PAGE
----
|Special Guest Lectures|
|The ADvanced CIRCulation model (ADCIRC)|
|Dr. Hassan Mashriqui|
|Johnston Hall 338
May 19, 2006 - 10:00 am
The ADvanced CIRCulation model (ADCIRC) began to be used experimentally to forecast surge for approaching hurricanes beginning in 2002. Since then, a research team at the Louisiana State University Center for the Study of Public Health Impacts of Hurricanes and the Hurricane Research Center has submitted 33 forecasts to emergency management personnel for 10 hurricanes making landfall in the Gulf of Mexico. The operational potential was well demonstrated during the approach of Hurricane Katrina when 7 forecasts were issued prior to the landfall on August 29, 2005. Very good agreement between simulated surge elevation and high water marks was achieved in ADCIRC runs based on National Hurricane Center advisories issued up to 2 days before landfall. In this talk we will focus on other information produced by ADCIRC surge and current velocities during hurricane Katrina. Besied storm surge simulation several state-of-the-art coastal modeling are being developed by the school of the coast & environment research team. This talk will cover on going surge and ecological modeling efforts.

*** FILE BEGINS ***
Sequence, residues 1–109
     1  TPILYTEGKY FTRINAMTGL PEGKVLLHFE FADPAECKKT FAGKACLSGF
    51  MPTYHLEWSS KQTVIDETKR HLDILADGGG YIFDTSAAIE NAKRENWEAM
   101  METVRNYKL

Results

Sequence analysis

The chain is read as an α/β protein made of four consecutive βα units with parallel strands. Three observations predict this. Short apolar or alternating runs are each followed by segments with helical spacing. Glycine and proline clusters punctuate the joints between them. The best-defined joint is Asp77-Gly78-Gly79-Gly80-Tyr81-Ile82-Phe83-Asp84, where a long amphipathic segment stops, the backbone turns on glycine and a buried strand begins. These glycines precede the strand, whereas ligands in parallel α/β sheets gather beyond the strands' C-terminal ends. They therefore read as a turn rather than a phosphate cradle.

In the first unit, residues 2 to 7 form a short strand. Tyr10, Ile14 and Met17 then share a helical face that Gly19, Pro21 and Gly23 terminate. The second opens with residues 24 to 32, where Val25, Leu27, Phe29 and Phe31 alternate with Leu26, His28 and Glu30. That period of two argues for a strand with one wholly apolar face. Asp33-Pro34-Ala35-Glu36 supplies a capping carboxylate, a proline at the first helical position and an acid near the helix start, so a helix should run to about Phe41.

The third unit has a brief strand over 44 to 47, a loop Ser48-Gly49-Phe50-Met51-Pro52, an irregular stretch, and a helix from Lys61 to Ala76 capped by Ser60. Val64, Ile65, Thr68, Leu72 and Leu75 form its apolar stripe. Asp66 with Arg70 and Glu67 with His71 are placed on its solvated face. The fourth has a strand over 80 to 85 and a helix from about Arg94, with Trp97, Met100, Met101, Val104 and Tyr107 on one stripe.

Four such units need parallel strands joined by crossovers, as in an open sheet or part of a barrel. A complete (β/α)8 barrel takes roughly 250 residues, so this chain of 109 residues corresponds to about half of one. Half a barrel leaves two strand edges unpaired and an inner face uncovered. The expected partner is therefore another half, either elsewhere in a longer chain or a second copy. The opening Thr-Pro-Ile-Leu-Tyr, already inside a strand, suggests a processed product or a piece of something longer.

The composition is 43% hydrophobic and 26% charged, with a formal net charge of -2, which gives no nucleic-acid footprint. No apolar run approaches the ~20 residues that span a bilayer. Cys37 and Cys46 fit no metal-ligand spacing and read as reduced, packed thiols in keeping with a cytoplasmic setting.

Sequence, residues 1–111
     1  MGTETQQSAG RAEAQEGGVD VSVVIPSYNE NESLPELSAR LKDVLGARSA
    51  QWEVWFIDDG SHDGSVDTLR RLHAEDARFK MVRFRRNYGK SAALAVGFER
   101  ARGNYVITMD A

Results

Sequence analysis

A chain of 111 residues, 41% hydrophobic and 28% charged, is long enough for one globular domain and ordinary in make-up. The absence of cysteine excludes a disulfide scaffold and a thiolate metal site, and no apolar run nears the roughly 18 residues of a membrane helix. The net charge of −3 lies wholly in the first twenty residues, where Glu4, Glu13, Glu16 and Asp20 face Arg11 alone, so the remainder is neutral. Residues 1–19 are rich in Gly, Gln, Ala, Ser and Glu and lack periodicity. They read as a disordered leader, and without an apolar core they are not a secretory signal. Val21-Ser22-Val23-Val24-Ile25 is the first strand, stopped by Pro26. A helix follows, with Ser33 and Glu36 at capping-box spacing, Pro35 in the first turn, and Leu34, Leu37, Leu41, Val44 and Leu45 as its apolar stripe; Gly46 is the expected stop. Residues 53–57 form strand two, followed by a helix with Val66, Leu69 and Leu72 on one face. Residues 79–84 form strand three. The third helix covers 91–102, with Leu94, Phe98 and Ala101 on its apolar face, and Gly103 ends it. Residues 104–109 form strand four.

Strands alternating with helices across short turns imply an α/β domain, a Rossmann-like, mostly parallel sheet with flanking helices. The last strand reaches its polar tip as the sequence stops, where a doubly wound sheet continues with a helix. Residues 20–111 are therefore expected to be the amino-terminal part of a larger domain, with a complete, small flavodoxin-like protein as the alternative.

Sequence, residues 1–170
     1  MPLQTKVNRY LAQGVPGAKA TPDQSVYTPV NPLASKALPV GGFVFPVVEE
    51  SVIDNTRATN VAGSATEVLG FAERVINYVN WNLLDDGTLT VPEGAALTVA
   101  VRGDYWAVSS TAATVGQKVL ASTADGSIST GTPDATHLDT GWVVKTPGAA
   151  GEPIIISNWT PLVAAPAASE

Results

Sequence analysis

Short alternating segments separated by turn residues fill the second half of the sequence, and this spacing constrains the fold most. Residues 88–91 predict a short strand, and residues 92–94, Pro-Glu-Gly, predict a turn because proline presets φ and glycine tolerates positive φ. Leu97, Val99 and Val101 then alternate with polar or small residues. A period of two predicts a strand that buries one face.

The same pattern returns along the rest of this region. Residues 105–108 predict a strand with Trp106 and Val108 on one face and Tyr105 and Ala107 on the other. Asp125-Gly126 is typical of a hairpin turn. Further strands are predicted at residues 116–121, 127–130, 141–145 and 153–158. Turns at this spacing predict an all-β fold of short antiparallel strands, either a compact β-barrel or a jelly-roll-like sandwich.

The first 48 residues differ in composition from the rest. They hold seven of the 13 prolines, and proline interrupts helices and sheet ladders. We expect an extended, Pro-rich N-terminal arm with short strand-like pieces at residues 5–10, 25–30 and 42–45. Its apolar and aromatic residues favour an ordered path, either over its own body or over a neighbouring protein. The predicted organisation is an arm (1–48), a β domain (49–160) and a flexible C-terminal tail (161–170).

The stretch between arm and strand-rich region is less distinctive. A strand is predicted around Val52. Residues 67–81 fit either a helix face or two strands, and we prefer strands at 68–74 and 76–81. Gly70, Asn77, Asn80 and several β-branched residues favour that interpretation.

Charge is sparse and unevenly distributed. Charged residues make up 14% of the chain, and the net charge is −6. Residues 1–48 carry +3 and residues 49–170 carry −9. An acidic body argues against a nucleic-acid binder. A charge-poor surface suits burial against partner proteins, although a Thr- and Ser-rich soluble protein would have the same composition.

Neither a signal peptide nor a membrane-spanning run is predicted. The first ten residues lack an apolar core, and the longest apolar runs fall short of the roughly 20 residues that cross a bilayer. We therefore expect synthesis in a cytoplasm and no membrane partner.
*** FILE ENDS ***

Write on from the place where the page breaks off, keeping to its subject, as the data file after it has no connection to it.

Dr. Mashriqui is a licensed professional engineer and civil/water resources engineer. He is currently developing coastal hydrologic/hydraulic modeling capabilities for the LSU Center for the Study of Public Health Impacts of Hurricanes utilizing storm surge forecasting. His research interests include coastal and inland flooding due to hurricanes; hydrodynamic and sediment transport modeling; wetland restoration; river management; Geographic Information Systems and Light Detection And Ranging (LIDAR) technology-based environmental modeling. He is actively involved with the Natural Systems Modeling Group and Laboratory at the LSU School of the Coast and Environment in support of numerous coastal restoration research efforts.